Now, as Gorski states, this is a bit of guesswork and instinct, but none of us should probably accept results as meaningful if they are tiny, even if statistically significant. I see this a lot, especially with alternative medicine studies that try to “prove” that they have some benefit beyond placebo. But if there’s a new therapy, or “eat XYZ and it will reduce ABC by 5%”, those results may just be no different than random.
Just as bad as press releases are meeting abstracts (which, of course, are promoted by press releases by research institutions), which are incomplete and unpublished data and undergo varying levels of review; they are often unreviewed self-published sources and these initial conclusions may have changed dramatically if and when the data are finally ready for publication. According to a 2002 paper in JAMA, a total of 252 news stories reported on 147 research abstracts. In the 3 years after the meetings, 50% of the abstracts were published in high-impact journals, 25% in low-impact journals, and 25% remained unpublished. Interestingly, the 39 abstracts that received front-page coverage in newspapers had a publication rate almost identical to the overall publication rate. The authors concluded that, “abstracts at scientific meetings receive substantial attention in the high-profile media. A substantial number of the studies remain unpublished, precluding evaluation in the scientific community.”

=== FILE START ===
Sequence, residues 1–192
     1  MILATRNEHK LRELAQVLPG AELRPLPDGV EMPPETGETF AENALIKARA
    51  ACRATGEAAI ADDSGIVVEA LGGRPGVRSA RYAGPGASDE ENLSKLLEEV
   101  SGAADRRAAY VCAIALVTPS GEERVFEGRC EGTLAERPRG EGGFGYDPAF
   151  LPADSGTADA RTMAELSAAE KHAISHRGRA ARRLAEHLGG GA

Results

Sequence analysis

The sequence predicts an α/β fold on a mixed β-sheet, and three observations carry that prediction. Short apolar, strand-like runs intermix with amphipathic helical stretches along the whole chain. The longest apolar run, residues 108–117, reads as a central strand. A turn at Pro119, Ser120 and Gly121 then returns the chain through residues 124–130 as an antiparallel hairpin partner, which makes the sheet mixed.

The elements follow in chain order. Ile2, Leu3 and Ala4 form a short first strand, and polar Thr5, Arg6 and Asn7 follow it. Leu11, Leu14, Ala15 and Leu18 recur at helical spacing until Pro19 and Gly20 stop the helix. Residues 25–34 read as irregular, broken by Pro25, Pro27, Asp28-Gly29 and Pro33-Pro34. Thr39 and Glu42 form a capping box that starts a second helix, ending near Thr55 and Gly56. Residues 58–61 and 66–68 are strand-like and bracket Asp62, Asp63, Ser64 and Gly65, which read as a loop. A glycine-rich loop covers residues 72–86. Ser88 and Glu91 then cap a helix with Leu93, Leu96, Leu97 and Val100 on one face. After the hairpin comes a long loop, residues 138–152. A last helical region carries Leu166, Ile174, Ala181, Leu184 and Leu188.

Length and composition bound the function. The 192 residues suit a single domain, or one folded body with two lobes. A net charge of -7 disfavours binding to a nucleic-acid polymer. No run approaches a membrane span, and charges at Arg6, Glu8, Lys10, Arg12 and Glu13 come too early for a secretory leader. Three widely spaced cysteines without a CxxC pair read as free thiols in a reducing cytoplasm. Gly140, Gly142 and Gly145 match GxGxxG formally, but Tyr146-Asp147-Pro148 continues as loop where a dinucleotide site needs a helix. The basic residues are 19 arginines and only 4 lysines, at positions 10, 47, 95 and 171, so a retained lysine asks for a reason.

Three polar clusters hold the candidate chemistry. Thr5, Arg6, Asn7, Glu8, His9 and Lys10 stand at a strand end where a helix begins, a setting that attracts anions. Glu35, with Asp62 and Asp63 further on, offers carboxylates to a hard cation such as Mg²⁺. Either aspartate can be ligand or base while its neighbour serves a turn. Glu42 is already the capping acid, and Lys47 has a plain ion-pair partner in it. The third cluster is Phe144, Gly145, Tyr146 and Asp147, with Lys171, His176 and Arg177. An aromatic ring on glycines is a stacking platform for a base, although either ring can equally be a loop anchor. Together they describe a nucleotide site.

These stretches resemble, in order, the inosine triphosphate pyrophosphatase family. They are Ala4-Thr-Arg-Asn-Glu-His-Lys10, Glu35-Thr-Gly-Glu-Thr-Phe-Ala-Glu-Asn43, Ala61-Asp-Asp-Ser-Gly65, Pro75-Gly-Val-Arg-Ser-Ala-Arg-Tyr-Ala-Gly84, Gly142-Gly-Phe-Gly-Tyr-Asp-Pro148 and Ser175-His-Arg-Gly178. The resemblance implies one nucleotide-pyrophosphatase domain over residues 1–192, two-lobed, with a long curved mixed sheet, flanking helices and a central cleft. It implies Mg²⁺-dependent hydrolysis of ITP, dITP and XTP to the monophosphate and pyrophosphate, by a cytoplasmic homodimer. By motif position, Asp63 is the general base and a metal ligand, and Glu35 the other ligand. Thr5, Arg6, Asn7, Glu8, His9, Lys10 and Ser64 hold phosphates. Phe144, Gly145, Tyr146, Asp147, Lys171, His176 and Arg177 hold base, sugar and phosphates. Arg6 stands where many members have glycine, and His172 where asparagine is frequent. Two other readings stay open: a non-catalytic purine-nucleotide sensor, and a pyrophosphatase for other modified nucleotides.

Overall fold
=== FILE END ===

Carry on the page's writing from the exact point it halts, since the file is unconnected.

So in order of importance, here’s how a good skeptic can judge high quality research in published papers with respect to human health: